Only available for Book and Digital Media Studies students and BDMS exchange students. Others may contact the course organisers.
During the early-modern period, important changes occurred in the nature and practice of reading and book collecting. The arrival of the printing press made it possible for people to read and own more books, while at the same time the ways in which these books were read and preserved were transformed. This course looks at this phenomenon from the concept of microhistory. What do the reading practices and book collections of private individuals tell us about these developments? To answer this question, students will do independent research on the basis of primary sources and secondary literature.
- To learn to do book historical research by using and appraising primary source material and secondary literature;
• To learn to write a book historical research paper.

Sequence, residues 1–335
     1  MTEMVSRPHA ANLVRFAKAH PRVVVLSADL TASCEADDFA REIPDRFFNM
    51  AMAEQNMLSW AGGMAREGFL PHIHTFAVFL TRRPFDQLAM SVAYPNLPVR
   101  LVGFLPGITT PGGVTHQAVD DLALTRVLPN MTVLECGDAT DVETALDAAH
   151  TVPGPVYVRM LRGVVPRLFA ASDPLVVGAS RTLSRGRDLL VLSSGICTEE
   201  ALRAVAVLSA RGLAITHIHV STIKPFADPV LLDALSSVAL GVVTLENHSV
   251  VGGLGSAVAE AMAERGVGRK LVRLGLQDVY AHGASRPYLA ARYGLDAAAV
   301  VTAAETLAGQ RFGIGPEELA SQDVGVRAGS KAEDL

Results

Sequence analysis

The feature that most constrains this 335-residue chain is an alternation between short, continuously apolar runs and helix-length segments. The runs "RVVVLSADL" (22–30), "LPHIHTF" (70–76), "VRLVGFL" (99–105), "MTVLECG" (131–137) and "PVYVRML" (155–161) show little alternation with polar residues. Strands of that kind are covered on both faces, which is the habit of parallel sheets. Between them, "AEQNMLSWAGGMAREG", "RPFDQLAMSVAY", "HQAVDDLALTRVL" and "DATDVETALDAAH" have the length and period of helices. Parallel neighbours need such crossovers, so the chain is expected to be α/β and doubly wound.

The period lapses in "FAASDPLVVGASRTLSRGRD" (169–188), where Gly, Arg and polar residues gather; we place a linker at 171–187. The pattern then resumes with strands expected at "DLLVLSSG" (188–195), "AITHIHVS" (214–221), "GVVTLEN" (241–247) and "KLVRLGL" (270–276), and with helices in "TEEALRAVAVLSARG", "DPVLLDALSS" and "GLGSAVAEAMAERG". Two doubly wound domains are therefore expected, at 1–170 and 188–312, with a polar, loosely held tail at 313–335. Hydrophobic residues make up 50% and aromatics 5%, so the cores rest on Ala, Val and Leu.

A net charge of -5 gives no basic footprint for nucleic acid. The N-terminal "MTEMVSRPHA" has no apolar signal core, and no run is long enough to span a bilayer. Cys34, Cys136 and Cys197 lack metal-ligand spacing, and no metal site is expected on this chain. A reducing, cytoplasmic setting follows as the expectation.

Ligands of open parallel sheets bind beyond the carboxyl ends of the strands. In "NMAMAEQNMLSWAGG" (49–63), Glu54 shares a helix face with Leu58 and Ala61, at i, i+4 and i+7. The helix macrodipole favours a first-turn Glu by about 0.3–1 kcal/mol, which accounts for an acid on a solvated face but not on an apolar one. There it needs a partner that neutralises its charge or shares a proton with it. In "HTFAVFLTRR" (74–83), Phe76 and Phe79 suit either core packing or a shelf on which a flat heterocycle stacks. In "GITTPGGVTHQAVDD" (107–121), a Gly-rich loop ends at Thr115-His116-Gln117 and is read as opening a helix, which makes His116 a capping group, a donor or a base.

The timetable will be available by June 1st on the website.
Mode of instruction
Oral presentation (25%) and written paper (75%).
A reading list will be provided before the beginning of the course. ### Registration
Students should register through uSis. Exchange students cannot register through uSis, but must see the director of studies and register with her. If you have any questions, please contact the departmental office, tel. 071 5272144 or mail: email@example.com.
Exchange and Study Abroad students, please see the Study in Leiden website for information on how to apply
Departmental Office English Language and Culture, P.N. van Eyckhof 4, room 102C. Tel. 071 5272144; mail: firstname.lastname@example.org.
Co-ordinator of Studies: Ms T.D. Obbens, MA, P.N. van Eyckhof 4, room 103C.